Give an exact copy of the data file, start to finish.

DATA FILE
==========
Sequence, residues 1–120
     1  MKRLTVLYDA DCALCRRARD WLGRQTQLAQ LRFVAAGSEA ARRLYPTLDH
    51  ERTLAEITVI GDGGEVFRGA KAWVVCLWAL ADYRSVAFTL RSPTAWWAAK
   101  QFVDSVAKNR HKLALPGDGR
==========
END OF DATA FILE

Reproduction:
Sequence, residues 1–120
     1  MKRLTVLYDA DCALCRRARD WLGRQTQLAQ LRFVAAGSEA ARRLYPTLDH
    51  ERTLAEITVI GDGGEVFRGA KAWVVCLWAL ADYRSVAFTL RSPTAWWAAK
   101  QFVDSVAKNR HKLALPGDGR